Tariffs on steel and aluminum would have mixed effects in Georgia, but most of the impact would be negative, according to a survey of business and economic experts.
If President Trump follows through on Thursday’s announcement that he will slap a 25 percent tax on foreign-made steel and 10 percent on aluminum, the likely outcome will be higher costs for companies and — eventually — consumers, too.
Following up on a campaign promise, Trump said the tariffs would bolster American-made steel and aluminum sectors. He — like some on the political left — argues that some countries are competing unfairly and tariffs would level the playing field.
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But there are many more companies and workers – in Georgia and nationally – that will see their materials cost rise, said Jeffrey Humphreys, director of the Selig Center for Economic Growth at the University of Georgia.
“Construction, the auto industry, machinery-manufacturers, making appliances, washing machines, air conditioners and some defense manufacturers,” he said. “So the positives would be outweighed by the negative effects on industries that use steel and aluminum, as well as consumers.”
Even more troubling is the chance of retaliation by other countries, Humphreys said. “Retaliation, that is the biggest fear. A trade war would be pretty devastating for Georgia.”
Most vulnerable would be Georgia agriculture, since it’s a major part of the state’s economy. But China and others could look for alternative sources of the products, he said.
But right away, manufacturers could see higher costs, said Roy Bowen, president of the Georgia Association of Manufacturers, who said members had been calling to voice their worries.
The state has a few companies that make steel: Brazil-based Gerdau and Belgium-based Bekaert. Attempts to reach those companies Friday were not successful.
But the vast majority of manufacturers buy the materials, Bowen said. “That might affect the exports of companies like John Deere or Caterpillar. Yes, Georgia manufacturers are concerned.”
Georgia manufacturing accounts for about $56 billion in production and 385,700 employees, according to the Center for Manufacturing Research.
Many of them make products made partly from steel or aluminum: Lockheed and Gulfstream build jets. Kia assembles cars. Caterpillar makes tractors. Blue Bird churns out buses.
Pretty much anyone who follows the industry knew tariffs would be an issue.
For example, industry analysts started calling at 7 a.m. Friday to ask how much the tariffs would affect the company, said Mark Benfield, spokesman for Fort Valley-based Blue Bird Corp, which has 2,400 employees and sales of nearly $1 billion.
“We are still working through how this will affect us,” he said.
The state also has an $11.8 billion-a-year food and beverage sector, including many that use aluminum to can beer, soda and other drinks.
That includes Coca-Cola, MillerCoors and a host of local breweries, said Duane Stanford, executive editor of the trade publication Beverage Digest.
The beer industry in particular is moving to cans, he said, and Trump’s announcement “creates a lot of confusion in the market.”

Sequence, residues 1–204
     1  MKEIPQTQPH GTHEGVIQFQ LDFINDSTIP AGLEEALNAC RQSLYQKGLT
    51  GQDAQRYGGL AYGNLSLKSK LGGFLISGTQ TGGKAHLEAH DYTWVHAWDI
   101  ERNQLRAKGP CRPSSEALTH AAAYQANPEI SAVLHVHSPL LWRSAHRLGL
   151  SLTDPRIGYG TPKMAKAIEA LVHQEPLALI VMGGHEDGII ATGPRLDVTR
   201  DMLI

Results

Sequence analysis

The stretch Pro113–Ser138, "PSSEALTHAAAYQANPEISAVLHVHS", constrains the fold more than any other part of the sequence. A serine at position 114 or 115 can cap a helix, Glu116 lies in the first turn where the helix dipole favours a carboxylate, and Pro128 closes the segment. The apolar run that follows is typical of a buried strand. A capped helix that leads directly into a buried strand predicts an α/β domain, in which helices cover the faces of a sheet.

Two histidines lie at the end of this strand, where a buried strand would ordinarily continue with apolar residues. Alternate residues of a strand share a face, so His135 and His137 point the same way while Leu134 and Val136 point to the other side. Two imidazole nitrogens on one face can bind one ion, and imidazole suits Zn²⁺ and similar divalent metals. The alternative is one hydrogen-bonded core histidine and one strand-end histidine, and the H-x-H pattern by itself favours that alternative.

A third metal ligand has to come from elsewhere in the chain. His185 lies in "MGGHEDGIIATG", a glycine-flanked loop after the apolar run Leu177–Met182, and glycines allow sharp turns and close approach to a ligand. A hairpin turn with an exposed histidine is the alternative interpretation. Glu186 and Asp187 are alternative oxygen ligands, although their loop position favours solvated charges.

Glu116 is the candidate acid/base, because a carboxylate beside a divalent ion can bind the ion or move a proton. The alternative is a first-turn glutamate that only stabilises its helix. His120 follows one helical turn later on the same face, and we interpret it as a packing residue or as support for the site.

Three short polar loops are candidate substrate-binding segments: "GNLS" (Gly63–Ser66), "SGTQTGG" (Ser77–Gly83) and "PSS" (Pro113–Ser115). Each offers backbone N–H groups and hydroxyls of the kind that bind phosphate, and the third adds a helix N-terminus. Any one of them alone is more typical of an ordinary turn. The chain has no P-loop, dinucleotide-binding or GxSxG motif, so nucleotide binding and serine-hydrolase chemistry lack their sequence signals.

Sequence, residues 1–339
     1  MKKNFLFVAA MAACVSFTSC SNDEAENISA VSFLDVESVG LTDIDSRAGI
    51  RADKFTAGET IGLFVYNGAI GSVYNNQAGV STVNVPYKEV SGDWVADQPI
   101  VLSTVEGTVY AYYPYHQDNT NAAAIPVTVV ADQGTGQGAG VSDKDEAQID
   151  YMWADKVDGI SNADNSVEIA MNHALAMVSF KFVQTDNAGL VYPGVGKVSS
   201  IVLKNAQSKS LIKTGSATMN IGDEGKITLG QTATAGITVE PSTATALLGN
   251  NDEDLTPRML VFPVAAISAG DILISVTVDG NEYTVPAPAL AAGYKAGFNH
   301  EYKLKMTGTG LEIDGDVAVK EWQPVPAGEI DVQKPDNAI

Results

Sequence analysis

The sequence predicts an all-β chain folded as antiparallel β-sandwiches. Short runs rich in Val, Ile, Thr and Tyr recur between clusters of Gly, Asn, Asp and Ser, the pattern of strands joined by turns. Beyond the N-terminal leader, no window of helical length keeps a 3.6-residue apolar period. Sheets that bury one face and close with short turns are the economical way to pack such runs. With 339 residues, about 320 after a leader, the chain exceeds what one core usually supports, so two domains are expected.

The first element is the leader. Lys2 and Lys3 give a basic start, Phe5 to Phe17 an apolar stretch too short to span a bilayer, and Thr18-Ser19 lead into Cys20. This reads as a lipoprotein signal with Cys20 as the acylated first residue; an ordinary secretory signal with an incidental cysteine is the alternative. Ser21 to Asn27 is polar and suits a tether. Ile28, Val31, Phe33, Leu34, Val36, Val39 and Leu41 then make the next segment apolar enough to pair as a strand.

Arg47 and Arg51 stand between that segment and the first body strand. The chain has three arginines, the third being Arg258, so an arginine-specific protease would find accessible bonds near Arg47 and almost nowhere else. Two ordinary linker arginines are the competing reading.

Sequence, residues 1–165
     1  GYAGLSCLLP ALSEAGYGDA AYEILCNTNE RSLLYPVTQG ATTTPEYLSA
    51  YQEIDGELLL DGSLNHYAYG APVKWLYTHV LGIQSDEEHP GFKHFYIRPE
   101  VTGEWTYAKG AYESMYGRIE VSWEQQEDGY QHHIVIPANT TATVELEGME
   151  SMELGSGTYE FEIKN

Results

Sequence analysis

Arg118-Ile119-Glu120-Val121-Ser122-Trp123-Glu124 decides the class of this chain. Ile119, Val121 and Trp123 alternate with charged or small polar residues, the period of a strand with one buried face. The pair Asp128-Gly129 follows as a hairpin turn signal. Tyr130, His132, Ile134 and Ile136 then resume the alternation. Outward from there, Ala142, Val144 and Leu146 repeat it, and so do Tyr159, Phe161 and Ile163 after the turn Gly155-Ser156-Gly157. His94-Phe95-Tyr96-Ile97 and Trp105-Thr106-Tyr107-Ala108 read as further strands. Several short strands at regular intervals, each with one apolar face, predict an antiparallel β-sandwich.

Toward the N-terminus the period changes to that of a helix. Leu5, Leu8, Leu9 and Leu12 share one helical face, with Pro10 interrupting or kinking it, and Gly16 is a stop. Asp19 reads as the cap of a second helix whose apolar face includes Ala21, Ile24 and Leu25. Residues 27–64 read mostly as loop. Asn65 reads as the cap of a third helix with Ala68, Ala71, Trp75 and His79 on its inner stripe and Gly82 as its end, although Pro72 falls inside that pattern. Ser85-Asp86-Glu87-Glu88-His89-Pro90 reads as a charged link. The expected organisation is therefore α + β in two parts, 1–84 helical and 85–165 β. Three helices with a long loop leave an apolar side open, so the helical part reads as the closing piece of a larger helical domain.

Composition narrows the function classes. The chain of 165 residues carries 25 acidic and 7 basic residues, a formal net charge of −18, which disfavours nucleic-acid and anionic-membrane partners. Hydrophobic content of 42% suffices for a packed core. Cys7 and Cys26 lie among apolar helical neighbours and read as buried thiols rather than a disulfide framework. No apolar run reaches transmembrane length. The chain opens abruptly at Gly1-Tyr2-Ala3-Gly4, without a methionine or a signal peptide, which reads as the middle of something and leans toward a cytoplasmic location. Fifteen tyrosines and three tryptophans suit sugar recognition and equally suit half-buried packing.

Companies like Coke probably won’t change production models because of the tariff. Big companies also have a number of levers they can pull to provide a buffer from the new costs.
“You either absorb it, or raise your prices or you find other cuts elsewhere,” Stanford said.
MillerCoors, which makes Coors Lite and Miller Lite but also has stakes in craft breweries like Athens’ Terrapin Beer Co., said it was “disappointed” in Trump’s announcement.
“We buy as much domestic can sheet aluminum as is available, however, there simply isn’t enough supply to satisfy the demands of American beverage makers like us,” MillerCoors said on Twitter. “American workers and American consumers will suffer as a result of this misguided tariff.”
For smaller companies, especially independent microbreweries, adapting will be hard, Stanford said. “Some are moving totally into cans, they’re not even in bottles anymore.”
In Atlanta, where construction cranes dot the skyline, the cost of building has been on the rise already and tariffs would add to the tab, said Dan Kaufman, president for the east region for construction giant J.E. Dunn.
Construction companies have been struggling to find skilled labor, such as plumbers and electrical workers, often paying more to get the help they need, he said: costs of building have been rising 3 to 4 percent per year.
“In construction, a 25 percent price increase in steel and 10 percent in aluminum cascades to so many components,” he said.
Kaufman said the tariffs would touch nearly everything he sees.
Not just steel joists in a skyscraper, there would be price hikes for window frames and the guts of heating and air conditioning systems. There’s also steel rebar in concrete and aluminum in office furniture.
And everyone in the supply chain will be forced to pass along those costs, Kaufman said. “It all rolls down to the consumer eventually.”
There’s little denying that there are problems in current trade rules, said Bowen, at the manufacturers association: some countries subsidize some sectors, allowing companies to sell at unfairly low prices.
Trade deals can be renegotiated or restructured. But tariffs are an attack on all producers, he said. “It is safe to say that we do not favor a shotgun approach. We think that this broad-based approach is ill advised.”
Bowen said he hopes that the criticism of many companies – and the way the news sent the stock market tumbling – will eventually convince the president to retreat on tariffs. “I am hoping that cooler heads and sharper intellects will prevail.”
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